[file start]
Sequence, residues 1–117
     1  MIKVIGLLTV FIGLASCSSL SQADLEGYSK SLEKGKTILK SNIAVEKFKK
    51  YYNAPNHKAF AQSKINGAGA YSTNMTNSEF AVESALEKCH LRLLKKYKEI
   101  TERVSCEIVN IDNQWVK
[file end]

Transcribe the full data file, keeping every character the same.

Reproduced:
Sequence, residues 1–117
     1  MIKVIGLLTV FIGLASCSSL SQADLEGYSK SLEKGKTILK SNIAVEKFKK
    51  YYNAPNHKAF AQSKINGAGA YSTNMTNSEF AVESALEKCH LRLLKKYKEI
   101  TERVSCEIVN IDNQWVK